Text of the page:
I will be using two 13W compact fluorescents.
Also, how long will it take to charge the battery (assuming I am only using one)?
Nautilus Spiral Grid Battery
Provides up to 950 MCA, and 100 minutes of reserve capacity
Amp Hour Capacity: 50
Solar panel details:
A 50 Amp Hour battery can provide 1 amp for 50 hours or 2 amps for 25 hours or X amps for 50/X hours. So how many amps does a 12 volt battery have to provide to be providing 26 watts (2*13)?
Watts = Volts * Amps.
26 watts = 12 Volts * X amps
26/12 = 2.167 amps
50/2.167 = 23 hours.
Now most CFLs are 120 volts AC and not 12 volts DC like the battery, so I assume you have an inverter to make 120V AC power from the battery. The inverter will not be 100% efficient so the lights will last a little less than the full 23 hours. But certainly all night if the battery starts fully charged.
80W = 12V * X Amps
80/12 = 6.67 amps
A 50 Amp Hour battery takes 50 hours to charge at 1 amp, 25 hours to charge at 2 amps, and 50/X hours to charge at X amps, just like the discharge calculation above.
However, the 80 W panel only makes the full 80 watts when it faces directly at the Sun on a clear day. It can only do that if it is mounted on a motorized stand that turns it slowly during the day to face the Sun like a sunflower. If it is mounted on a roof or fixed stand, it will only make 80 watts at (probably) noon when the Sun is directly in front of it. It will make much less in the morning and evening.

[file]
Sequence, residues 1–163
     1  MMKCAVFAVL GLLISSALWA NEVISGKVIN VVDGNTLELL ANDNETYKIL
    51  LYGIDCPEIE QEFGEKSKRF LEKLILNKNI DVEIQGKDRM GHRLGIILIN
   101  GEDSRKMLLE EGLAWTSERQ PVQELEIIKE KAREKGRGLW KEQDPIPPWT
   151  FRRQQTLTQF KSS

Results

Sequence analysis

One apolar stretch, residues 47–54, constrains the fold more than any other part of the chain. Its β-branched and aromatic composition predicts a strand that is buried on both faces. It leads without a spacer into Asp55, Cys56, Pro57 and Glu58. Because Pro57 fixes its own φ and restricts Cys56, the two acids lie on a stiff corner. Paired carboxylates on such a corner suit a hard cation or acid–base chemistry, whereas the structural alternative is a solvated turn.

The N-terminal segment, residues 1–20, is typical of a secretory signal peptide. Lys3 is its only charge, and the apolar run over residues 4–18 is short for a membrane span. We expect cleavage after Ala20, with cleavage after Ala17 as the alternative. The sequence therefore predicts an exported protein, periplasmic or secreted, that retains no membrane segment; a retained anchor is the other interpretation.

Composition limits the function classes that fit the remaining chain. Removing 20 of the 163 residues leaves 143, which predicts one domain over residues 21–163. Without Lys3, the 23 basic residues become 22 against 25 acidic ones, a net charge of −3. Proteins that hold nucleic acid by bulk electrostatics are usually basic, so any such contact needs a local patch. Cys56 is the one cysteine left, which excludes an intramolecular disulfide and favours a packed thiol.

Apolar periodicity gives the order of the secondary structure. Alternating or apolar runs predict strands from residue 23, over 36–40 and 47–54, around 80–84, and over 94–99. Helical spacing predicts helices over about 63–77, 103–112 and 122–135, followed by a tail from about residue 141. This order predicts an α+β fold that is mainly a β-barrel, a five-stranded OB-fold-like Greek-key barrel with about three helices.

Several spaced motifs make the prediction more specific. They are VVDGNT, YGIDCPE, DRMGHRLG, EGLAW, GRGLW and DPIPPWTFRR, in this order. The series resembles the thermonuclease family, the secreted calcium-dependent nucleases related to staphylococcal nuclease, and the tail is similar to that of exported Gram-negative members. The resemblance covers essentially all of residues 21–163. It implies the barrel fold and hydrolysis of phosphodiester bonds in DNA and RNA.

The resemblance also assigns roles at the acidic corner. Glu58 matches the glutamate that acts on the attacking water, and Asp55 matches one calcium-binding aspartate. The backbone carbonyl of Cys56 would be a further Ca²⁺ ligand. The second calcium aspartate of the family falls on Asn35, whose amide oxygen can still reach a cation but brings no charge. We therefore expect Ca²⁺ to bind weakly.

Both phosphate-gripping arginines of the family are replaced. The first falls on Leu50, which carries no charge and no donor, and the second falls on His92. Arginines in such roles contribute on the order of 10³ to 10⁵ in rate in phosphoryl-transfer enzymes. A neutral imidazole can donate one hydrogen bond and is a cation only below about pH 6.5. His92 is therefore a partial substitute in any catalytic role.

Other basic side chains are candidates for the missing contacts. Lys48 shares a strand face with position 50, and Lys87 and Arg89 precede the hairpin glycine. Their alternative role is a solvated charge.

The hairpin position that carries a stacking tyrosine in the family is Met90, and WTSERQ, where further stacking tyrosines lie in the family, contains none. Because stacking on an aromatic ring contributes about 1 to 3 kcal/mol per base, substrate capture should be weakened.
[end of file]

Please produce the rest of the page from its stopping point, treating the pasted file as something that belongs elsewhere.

Also, batteries are not completely efficient. It takes more than 50 hours to charge a 50 Amp Hour battery with a 1 Amp current. So how much will all these inefficiencies reduce your power? It is really hard to say, but I bet at least 50%. Especially the part about not turning the solar panel to face the Sun directly. That alone if a giant loss of efficiency that most people just put up with because it is clumsy and expensive to make a motorized mount to track the Sun.